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Integrated pigweed (Amaranthus spp.) management in glufosinate-resistant soybean with a cover crop, narrow row widths, row-crop cultivation, and herbicide program

Published online by Cambridge University Press:  13 August 2019

Marshall M. Hay*
Graduate Student, Department of Agronomy, Kansas State University, Manhattan, KS, USA
J. Anita Dille
Professors, Department of Agronomy, Kansas State University, Manhattan, KS, USA
Dallas E. Peterson
Professors, Department of Agronomy, Kansas State University, Manhattan, KS, USA
Author for correspondence: Marshall M. Hay, Kansas State University, Department of Agronomy, 2004 Throckmorton Plant Sciences Center, 1712 Claflin Road, Manhattan, KS, 66506. E-mail:


Successful pigweed management requires an integrated strategy to delay the development of resistance to any single control tactic. Field trials were implemented during 2017 and 2018 in three counties in Kansas on dryland (limited rainfall, nonirrigated), glufosinate-resistant soybean. The objective was to assess pigweed control with combinations of a winter wheat cover crop (CC), three soybean row widths (76, 38, and 19 cm), row-crop cultivation 2.5 weeks after planting (WAP), and an herbicide program to develop integrated pigweed management recommendations. All combinations of the four components were assessed by 16 treatments. All treatments with the herbicide program resulted in excellent (>97%) pigweed control and were analyzed separately from the other components. Treatments containing row-crop cultivation reduced pigweed density and biomass 3 and 8 WAP in all locations compared with the 76-cm row width plus no CC treatment. CC impacts were mixed. In Riley County, Palmer amaranth density and biomass were reduced; in Reno County, no additional Palmer amaranth control was observed; in Franklin County, the CC had greater waterhemp density and biomass compared with the treatments containing no CC. Narrow row widths achieved the most consistent results of all cultural components when data were pooled across locations: Decreasing row widths from 76 to 38 cm resulted in a 23% reduction in pigweed biomass 8 WAP and decreasing row width from 38 to 19 cm achieved a 15% reduction. Row-crop cultivation should be incorporated where possible as a mechanical option to manage pigweed, and narrow row widths should be used to suppress late-season pigweed growth when feasible. Inconsistent pigweed control from CC was achieved and should be given special consideration before implementation. The integral use of these components with an herbicide program as a system should be recommended to achieve the best pigweed control and reduce the risk of developing herbicide resistance.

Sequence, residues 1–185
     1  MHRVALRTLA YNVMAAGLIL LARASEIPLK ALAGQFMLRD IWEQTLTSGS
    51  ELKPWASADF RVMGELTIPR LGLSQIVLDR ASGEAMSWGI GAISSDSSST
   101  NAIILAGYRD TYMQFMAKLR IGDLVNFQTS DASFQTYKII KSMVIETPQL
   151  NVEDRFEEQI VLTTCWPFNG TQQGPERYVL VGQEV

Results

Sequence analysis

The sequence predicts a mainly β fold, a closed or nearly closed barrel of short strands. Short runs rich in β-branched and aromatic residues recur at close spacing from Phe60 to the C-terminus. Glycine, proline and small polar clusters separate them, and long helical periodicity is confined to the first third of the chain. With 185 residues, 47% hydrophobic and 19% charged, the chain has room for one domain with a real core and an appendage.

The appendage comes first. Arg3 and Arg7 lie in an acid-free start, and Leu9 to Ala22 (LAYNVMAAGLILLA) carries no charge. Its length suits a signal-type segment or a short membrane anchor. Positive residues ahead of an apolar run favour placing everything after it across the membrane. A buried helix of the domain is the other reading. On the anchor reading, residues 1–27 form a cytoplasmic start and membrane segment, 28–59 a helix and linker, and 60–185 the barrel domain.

Research Article
© Weed Science Society of America, 2019 

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